The next dish got a mixed reaction from my friend but much more enthusiasm from me.  According to the menu, this was “Dried scallops and beech buts, biodynamic grains and watercress”.  I suspect I wouldn’t have ordered this off a menu, though I would have certainly considered it as I love scallops.  Just not sure about the concept of scallop crisps, for that’s what the slivers of scallops looked like.  The green filling was watercress and grains, which were of a similar texture to any grains you get in grainy bread.  I really liked the slightly nutty taste and the texture.  That was what my friend wasn’t so keen on.  The scallop crisps were exquisite and undeniably scallop.  Wonderful.  The black sauce, squid ink and mussel juice, didn’t sound good to me.  I do not like really fishy flavours or liquid fish.  This, however, was full of flavour and just enough to add something special to the scallop, grain and watercress sandwich.  This wasn’t a favourite dish but I would order it again.  This sauce was also mopped up with the bread, it was lovely.

The next course bewildered me as it was one that I fully expected to look a lot better than it tasted, for I am not a cauliflower fan and this was a “Cauliflower and pine cream and horseradish”.  I am also not a horseradish fan.  However, this was right up there with the beetroot and plum dish.  I loved it.  It was a surprisingly large dish, but I still could have eaten more.  I desperately wanted the pine to be edible because it really was a lush, tasty-looking green.  But the cauliflower had been roasted in pine and was infused with the scent of pine forests – not a hint of Harpic – and the sauce was pine oil with yoghurt whey and horseradish cream.  Seriously, way, way up there in my top five favourite things to eat of all time.  My friend also enthused about this dish more than she had expected to.  I could eat this dish again right now.  Yummety yummety yum!

I knew the cauliflower couldn’t be beaten by a cabbage based course, but “Pike perch and cabbages with verbena and dill” was almost good enough!  Had I seen this on a menu, especially if the menu had listed fish foam as part of the dish, I would not have ordered it.  What a fool I would have been.  It was fish wrapped in succulent, delicate frilly cabbage with pieces of hours-old fresh, juicy dill, fish foam (onion and fish bone juice – yucky sounding, fantastically tasting – whipped up into a foam) and, one of my all time favourite herbs, lemon verbena made into a sauce.  The fish pretty much melted in the mouth, the cabbage matched it to perfection and the foam and verbena finished it off a treat.  Divine.  I would order this again without hesitation.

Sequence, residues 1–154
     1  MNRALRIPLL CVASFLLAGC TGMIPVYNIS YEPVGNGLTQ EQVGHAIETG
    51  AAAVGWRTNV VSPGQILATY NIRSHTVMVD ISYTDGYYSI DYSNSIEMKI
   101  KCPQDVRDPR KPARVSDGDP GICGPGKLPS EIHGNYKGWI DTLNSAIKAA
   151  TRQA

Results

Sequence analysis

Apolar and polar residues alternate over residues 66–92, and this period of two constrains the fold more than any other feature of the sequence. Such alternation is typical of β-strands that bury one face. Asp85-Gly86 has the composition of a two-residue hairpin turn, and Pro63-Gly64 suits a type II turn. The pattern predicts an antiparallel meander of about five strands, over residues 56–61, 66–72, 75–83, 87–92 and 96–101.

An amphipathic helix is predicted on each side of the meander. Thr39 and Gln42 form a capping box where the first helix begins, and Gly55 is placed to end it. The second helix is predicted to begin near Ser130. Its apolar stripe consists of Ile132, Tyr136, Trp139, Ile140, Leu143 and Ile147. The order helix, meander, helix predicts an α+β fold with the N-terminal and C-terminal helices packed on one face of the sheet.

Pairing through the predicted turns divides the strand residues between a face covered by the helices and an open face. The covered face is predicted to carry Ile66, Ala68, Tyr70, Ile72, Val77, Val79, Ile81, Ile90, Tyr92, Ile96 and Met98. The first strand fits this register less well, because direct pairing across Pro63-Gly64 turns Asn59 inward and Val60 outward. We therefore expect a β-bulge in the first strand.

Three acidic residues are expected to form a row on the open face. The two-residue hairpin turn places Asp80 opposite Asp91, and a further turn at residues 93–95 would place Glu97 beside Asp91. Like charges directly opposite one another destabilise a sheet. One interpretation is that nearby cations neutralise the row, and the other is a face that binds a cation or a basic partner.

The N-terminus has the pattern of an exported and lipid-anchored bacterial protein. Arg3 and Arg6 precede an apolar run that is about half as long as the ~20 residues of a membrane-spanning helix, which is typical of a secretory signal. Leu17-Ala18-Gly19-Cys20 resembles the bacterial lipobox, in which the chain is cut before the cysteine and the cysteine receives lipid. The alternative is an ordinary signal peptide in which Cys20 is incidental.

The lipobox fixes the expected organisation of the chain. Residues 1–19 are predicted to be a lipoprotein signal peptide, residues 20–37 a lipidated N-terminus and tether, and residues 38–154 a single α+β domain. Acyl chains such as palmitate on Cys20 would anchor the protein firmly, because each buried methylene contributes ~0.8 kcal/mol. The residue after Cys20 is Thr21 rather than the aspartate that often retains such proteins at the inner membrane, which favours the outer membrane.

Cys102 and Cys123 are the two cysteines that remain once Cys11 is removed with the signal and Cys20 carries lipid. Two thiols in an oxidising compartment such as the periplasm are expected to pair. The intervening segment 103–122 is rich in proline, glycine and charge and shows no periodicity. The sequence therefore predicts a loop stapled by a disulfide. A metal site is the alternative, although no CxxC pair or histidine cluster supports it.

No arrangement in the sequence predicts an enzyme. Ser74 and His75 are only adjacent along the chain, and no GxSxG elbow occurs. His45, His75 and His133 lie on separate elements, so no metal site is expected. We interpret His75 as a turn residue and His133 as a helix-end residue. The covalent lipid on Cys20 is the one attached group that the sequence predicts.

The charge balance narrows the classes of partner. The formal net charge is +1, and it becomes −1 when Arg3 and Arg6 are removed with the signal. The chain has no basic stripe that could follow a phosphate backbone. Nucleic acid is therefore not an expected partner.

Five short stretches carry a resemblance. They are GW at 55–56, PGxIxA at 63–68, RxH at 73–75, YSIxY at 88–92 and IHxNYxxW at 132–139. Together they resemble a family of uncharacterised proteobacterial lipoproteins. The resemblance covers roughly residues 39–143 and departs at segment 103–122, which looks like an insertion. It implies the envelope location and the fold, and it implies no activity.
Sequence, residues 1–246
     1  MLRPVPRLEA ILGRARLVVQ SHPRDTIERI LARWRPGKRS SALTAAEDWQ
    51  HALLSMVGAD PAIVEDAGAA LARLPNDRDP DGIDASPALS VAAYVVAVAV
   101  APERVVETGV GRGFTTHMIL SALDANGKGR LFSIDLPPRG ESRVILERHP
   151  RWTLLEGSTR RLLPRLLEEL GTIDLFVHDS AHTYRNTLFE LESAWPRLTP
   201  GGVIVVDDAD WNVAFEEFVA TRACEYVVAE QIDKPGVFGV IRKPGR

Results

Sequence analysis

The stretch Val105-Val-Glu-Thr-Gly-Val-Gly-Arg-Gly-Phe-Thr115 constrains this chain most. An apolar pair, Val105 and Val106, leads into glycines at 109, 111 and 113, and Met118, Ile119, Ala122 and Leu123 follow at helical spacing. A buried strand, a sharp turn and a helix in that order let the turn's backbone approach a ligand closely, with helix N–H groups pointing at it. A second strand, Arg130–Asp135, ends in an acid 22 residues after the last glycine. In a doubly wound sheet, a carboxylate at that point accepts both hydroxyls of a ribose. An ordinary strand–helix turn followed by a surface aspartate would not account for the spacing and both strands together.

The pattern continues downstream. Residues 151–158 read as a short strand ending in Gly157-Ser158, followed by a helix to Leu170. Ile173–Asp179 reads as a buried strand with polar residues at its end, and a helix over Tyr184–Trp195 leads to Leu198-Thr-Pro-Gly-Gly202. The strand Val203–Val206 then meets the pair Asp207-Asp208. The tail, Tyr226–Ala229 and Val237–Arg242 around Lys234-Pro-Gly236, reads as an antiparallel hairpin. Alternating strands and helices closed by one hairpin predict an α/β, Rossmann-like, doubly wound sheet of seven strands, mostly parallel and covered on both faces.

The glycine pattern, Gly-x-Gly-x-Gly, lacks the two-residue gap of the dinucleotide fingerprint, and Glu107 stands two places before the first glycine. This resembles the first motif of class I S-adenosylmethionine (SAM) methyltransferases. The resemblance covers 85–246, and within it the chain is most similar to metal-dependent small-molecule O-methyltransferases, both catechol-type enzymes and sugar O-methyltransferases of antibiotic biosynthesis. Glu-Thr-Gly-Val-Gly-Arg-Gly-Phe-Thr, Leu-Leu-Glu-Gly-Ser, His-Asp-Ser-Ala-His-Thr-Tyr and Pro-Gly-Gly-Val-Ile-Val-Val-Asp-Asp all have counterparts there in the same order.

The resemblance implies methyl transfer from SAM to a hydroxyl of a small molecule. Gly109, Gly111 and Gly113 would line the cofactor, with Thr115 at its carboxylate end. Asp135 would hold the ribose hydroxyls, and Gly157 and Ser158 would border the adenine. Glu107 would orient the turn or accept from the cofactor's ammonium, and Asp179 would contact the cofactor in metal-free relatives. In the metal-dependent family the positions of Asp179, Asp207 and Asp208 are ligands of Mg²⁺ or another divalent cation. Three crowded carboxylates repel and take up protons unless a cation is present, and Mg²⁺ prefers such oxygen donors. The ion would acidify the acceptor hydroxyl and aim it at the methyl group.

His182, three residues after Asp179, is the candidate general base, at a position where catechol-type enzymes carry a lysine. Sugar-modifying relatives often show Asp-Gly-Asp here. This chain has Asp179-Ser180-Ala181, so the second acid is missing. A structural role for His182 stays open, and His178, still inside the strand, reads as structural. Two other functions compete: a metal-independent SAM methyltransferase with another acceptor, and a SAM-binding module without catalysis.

With only two savoury courses left, this one was one we’d seen being taken to other tables and which had piqued our interest hugely.  This was the mysterious “The hen and the egg”.  I don’t really get the name still but it was lush, lush, lush.  And, guess what, another favourite.  Maybe I now have a top five.  Sadly, this was the last exceptional (in terms of my taste buds) course.  First of all, we were presented with the ingredients and a hot iron pan.  We broke our egg into our hot pan and a timer was set.  We were advised to wear our napkins as bibs, which was ludicrously exciting, particularly as the wine was still forthcoming!  So we cooked our own course!  After the egg was deemed ready once the timer went off, we were instructed to add what I think was a peppery coated pellet of butter to the pan, then the first pile of foliage (there was a variety of foliage for this dish) to the bare part of the heated dish.  Finally, we added the remaining flowers and leaves and crunched up the spiral.  Oh, the spiral.  I had thought it was apple but, no, it was a spiral of crispy potato and it was divine.  Potato and egg, back to my potato waffle and egg comfort food favourite!  This dish was innovative, simple and delicious and the only course with added salt (the salt was in an empty egg shell for us to sprinkle on as we deemed fit).  I could eat this for breakfast, lunch and/or dinner and I would order it on a menu.  Really, truly more scrumptious than you can probably imagine.

Now for the final, slightly challenging, course: veal sweetbread with dandelion, chanterelle mushrooms, fresh hazelnuts and juniper wood and mushroom sauce, or “Sweetbread and bitter greens, celeriac and mushroom”.  My friend did not like this and left most of it.  I finished off her hazelnuts and some of the beautiful and varied foliage, but eating more than my own portion of the sweetbread was a step too far.  I am not an offal fan and suspected I wouldn’t like this.  However, the texture wasn’t offensive.  I just would much rather this dish had come with a nice bit of steak, for example!  The sweetbread actually tasted fine.  It might have gone a bit weird and wrong for me though because I ate a piece of celeriac, not knowing that the celeriac was there and wasn’t actually a piece of sweetbread.  It was much denser than the sweetbread and I initially assumed it was the sweetbread with a different texture and that made me very wary of the sweetbread and made me wonder too much what part of the insides it was.  Then I realised it was actually a vegetable and should have been nice.  I would never have chosen to eat it and I would not choose to eat it again, but I could eat it again.  I loved the fresh hazelnuts and I enjoyed the sauce, though it was quite strong.  I also liked the strong flavours of the foliage and flowers.  However, something in the sauce, possibly the fermented mushroom, gave me cheese sweats and a very slight mouth tingling.  This dish was more of an experience than a joy.

Then came desserts, which if I divide the meal into three sections, with desserts and coffee as the final third, was by a very long way my least favourite section and not a single favourite to be had, though one dish was lovely.  But, lots of interesting experiences …